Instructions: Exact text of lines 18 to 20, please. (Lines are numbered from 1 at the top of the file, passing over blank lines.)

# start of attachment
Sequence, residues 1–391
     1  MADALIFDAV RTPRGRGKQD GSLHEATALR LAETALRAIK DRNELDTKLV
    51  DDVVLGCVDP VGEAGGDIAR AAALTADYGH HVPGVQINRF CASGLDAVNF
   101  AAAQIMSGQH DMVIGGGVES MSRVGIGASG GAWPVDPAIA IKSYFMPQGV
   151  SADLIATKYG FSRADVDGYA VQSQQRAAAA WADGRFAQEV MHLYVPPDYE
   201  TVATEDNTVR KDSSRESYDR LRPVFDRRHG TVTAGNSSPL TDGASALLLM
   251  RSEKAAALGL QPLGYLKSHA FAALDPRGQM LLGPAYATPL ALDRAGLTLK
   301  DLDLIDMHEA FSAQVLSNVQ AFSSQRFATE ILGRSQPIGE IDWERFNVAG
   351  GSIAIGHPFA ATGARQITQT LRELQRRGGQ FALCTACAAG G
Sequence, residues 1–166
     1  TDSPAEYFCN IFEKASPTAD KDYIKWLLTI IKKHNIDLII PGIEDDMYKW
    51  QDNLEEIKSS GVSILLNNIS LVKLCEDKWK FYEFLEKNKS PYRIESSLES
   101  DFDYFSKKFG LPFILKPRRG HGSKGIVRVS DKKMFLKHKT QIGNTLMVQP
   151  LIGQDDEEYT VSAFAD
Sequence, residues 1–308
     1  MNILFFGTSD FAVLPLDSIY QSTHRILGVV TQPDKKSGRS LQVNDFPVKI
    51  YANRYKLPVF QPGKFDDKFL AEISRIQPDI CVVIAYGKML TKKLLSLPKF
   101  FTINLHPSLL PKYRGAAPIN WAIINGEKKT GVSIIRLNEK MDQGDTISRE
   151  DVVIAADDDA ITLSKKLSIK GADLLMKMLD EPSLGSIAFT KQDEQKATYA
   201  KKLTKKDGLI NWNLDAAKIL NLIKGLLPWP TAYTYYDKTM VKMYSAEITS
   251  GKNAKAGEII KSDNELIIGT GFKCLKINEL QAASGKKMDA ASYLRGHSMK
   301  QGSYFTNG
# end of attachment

   101  FTINLHPSLL PKYRGAAPIN WAIINGEKKT GVSIIRLNEK MDQGDTISRE
   151  DVVIAADDDA ITLSKKLSIK GADLLMKMLD EPSLGSIAFT KQDEQKATYA
   201  KKLTKKDGLI NWNLDAAKIL NLIKGLLPWP TAYTYYDKTM VKMYSAEITS